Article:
Families First Coronavirus Response Act
Expansion of Emergency FMLA and Emergency Sick Leave
Employee eligibility for benefits under the Expansion of FMLA Act (Emergency FMLA):
To be eligible, employees must have been employed by the APL for at least 30 calendar days and must provide notice to HR (if practical).
The Act provides up to 12 weeks of job-protected leave for employees who are unable to work (or telework) because of a “qualifying need related to a public health emergency, which is defined as:
- The Employee is unable to work (or telework) because they must care for a son or daughter under 18 years old if the school or place of care for the child has been closed; or
- The childcare provider for the son or daughter is unavailable due to a public health emergency.
Emergency Paid Sick Leave Act (EPSLA)
Employee eligibility for benefits under the EPSLA:
All employees are eligible regardless of their length of employment at the APL. Employees must provide notice to HR (if practical).
The Act requires 80 hours of paid emergency sick leave be given to full-time employees or the number of hours worked, on average, over a two-week period be given to part-time employees who cannot work for any of the following reasons:
- The employee is subject to a government (Federal, State, or local) quarantine or isolation order related to COVID-19;
- The employee is experiencing symptoms of COVID-19 and seeking a medical diagnosis or has been diagnosed with COVID-19;
- The employee has been advised by a health care provider to self-quarantine due to concerns related to COVID-19;
- The employee is taking care of an individual who is subject to a Federal, State, or local quarantine or isolation order related to COVID-19 or who has been advised by a health care provider to self-quarantine due to concerns related to COVID-19;
- The employee is caring for a son or daughter whose school, place of care or care provider has been closed or becomes unavailable due to COVID-19 precautions; or
- The employee is experiencing any other substantially similar condition specified by the Secretary of Health and Human Services in consultation with the Secretary of the Treasury and the Secretary of Labor.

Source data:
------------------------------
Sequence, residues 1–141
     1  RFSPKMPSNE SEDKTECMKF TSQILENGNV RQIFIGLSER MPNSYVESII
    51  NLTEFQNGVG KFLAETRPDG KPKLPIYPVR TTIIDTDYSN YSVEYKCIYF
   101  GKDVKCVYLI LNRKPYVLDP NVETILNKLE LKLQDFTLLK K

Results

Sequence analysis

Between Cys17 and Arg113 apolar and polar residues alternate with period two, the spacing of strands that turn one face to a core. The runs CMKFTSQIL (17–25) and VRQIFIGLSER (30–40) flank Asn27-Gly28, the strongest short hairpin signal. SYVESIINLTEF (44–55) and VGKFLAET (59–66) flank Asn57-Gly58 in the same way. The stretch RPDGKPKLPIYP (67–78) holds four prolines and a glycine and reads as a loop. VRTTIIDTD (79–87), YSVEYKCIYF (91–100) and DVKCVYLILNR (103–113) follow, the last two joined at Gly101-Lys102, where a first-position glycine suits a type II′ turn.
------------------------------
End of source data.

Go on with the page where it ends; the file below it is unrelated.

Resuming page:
Employees who cannot work solely due to a work shortage at the APL may use accrued vacation time, sick time, or file for unemployment.
NOTE: If employees receive ongoing pay for vacation or sick time, or if you are holding your vacation or sick time in your bank, while you are receiving unemployment, this may reduce your unemployment benefits. For unemployment rules and benefits, see the Ohio unemployment website: http://jfs.ohio.gov/ouio/CoronavirusAndUI.stm
Question 1: Will workers qualify for unemployment benefits if the coronavirus (COVID-19) causes an employer to shut down operations?
Answer: Ohio unemployment benefits are available to individuals who are unemployed through no fault of their own. If an employer must shut down operations and no work is available, individuals may be eligible for unemployment benefits if they meet the monetary … – jfs.ohio.
The state will also eliminate the one-week waiting period to receive benefits and the requirement beneficiaries be actively seeking work. The state’s unemployment benefits website information specific to the coronavirus state of emergency: http://jfs.ohio.gov/ouio/CoronavirusAndUI.stm
NOTE: Ohio is one of the states that allows partial unemployment. You can collect a portion of your benefits – if working part-time, to provide a supplemental income in addition to receipt of a smaller paycheck (pending a viable work schedule), during this emergency period – when full-time work is not available through a current employer. This could be very helpful to employees moved to a reduced work schedule scenario. Please refer to Ohio’s unemployment website for rules of eligibility.